The combination of climate change and population growth poses a serious threat to India's water security, and without adequate measures to address these challenges, water scarcity will worsen with social, economic and environmental impacts, experts have warned.
According to the United Nations (UN), India might have already become the most populous country in the world with over 142 crore people. However, the government is yet to conduct a census to give an official figure.
Experts highlighted the urgent need for better water management, policy reforms, and protection of natural ecosystems to address the combined challenge of climate change and population growth on water security.
Climate change further exacerbates the challenges, they said, with rising temperatures, altered precipitation patterns, and sea-level rise intensifying the water scarcity problem.
According to Aditi Mukherjee, an Intergovernmental Panel on Climate Change (IPCC) author, poor water management due to distorted policies and incentives has long plagued India's water situation.
"Climate change aggravates these problems by increasing rainfall variability and extreme weather events," she told PTI.
Mukherjee highlighted the historical impact of water-intensive crops introduced during the green revolution and faulty urban design as contributing factors to India's water woes. Proper policies, institutions, incentives, and governance are necessary to mitigate the water crisis.
The challenges faced by India are not limited to water scarcity. Rising sea levels and storm surges caused by intensifying tropical cyclones result in saline intrusion in coastal areas, further diminishing freshwater resources, she said.
Preserving mangrove forests and adopting appropriate land-use practices become critical to protect coastal regions as traditional hard infrastructure like sea walls offer only temporary solutions, Mukherjee said.
With 18 per cent of the world's population but only 4 per cent of its water resources, India is among the most water-stressed in the world.
The per capita availability of water will dip from 1,486 cubic metres to 1,367 cubic metrs by 2031, according to the government data. The situation of water scarcity worsens during summer in the country.
Anjal Prakash, an expert and research director at Bharti Institute of Public Policy, Indian School of Business, also stressed that both climate change and population growth pose significant challenges to water resources in India.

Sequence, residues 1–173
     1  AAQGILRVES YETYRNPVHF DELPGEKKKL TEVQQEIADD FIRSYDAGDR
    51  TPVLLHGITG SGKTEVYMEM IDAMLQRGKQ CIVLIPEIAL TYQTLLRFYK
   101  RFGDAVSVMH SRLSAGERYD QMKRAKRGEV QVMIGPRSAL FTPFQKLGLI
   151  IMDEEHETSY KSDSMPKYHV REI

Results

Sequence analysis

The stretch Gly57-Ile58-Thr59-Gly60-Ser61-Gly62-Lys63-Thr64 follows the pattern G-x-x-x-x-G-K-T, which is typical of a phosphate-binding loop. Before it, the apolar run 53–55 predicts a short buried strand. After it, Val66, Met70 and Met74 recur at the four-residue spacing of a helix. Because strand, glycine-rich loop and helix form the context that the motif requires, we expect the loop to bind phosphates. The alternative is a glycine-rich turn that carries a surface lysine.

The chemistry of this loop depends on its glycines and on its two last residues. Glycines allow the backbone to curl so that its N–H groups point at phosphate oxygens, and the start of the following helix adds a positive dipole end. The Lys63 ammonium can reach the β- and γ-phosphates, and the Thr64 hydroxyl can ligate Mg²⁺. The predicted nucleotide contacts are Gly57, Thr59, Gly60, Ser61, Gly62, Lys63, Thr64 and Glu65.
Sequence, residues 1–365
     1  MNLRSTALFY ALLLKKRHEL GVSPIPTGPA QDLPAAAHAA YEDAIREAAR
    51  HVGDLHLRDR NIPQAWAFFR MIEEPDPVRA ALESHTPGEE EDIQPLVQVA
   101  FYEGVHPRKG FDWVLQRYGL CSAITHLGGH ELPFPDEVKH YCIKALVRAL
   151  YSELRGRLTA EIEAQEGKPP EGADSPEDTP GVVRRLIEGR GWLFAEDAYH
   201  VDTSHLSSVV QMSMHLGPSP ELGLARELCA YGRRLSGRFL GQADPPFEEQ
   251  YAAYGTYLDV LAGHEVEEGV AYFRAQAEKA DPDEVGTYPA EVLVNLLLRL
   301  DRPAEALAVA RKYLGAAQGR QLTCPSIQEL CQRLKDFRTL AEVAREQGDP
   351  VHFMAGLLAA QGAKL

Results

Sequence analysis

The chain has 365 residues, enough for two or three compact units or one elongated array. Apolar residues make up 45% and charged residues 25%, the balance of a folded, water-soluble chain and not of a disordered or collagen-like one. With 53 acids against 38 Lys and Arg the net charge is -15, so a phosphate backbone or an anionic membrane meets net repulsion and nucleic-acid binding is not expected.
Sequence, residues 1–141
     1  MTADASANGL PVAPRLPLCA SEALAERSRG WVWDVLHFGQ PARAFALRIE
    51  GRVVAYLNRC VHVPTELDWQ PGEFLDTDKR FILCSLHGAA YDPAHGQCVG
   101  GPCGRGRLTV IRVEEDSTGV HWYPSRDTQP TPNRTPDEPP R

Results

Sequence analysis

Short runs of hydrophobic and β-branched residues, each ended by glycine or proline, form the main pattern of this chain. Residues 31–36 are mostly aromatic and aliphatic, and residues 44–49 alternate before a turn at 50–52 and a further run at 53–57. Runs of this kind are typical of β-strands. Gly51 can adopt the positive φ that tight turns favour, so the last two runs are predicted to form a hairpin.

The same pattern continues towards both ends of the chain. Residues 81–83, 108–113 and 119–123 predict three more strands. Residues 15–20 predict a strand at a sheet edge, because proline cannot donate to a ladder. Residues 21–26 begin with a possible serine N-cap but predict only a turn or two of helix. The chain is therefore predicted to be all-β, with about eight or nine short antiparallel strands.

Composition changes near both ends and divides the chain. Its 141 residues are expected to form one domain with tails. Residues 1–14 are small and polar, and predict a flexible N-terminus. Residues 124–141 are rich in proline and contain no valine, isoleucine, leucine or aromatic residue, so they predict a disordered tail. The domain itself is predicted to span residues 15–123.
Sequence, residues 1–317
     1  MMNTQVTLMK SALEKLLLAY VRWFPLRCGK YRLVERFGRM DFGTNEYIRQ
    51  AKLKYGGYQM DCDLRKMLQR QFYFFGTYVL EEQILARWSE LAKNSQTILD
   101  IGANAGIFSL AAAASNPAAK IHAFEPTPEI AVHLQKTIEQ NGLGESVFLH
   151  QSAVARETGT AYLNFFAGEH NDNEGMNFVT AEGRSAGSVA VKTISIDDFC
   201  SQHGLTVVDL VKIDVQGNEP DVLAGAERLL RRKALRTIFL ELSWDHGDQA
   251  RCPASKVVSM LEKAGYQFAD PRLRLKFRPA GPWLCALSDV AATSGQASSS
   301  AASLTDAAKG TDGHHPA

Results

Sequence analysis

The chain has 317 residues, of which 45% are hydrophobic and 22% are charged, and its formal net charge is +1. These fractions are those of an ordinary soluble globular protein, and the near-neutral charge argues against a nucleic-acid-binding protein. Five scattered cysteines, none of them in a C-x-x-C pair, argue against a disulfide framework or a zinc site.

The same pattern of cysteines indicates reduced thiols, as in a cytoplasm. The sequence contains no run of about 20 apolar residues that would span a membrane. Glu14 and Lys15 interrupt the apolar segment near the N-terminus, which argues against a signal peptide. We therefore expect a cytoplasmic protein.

"Rising temperatures accelerate evaporation rates, depleting surface water and groundwater reserves. Altered precipitation patterns lead to unpredictable monsoons, causing floods in some areas and droughts in others. These extreme events reduce water availability, adversely affecting agricultural productivity, water supply, and overall economic stability," he said. To tackle these issues effectively, a comprehensive approach is required, he added.
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"India needs to implement sustainable water management practices, develop policies that promote efficient water use, and protect crucial ecosystems such as mangrove forests. Only through concerted efforts can India secure its water resources for future generations and ensure a resilient and sustainable water future," he said.
According to estimates by the UN, India's population is expected to increase for the next three decades before beginning to decrease.
Ashok Kumar, Director-Farm Prosperity at Transform Rural India, sheds light on the increased burden faced by women and young girls in rural areas due to water scarcity.
"As safe drinking water sources become scarce and are often situated far from dwellings, women and young girls are forced to undertake arduous journeys to fetch water. This situation leads to heightened drudgery and potential health risks as polluted water sources contribute to waterborne diseases. The impact is more severe in hilly and plateau regions due to limited water storage capacity," Kumar said.
He said livestock, a crucial source of income for rural households, faces reduced productivity as a result of water stress. Insufficient fodder availability, unclean drinking water, and unsanitary conditions increase parasite load and waterborne diseases among animals.
Livestock rearers, herders, shepherd families, and inland fishermen who rely on stressed water sources face significant challenges. Conflicts may arise between fishing and farming communities as they compete for access to water, Kumar said.
He further said that unpredictable yields in farming pose a major threat to smallholder farmers heavily reliant on rainfall for crop cultivation.
"The water stress caused by climate change leads to irregular yields, reduced incomes, and a subsequent decline in investment in agriculture. Farmers may resort to unsustainable practices such as mining groundwater from unreplenishable sources or engaging in water theft, further exacerbating the water scarcity issue. This situation ultimately drives farmers towards distress migration, leaving behind vulnerable groups such as the elderly and children in villages," he added.
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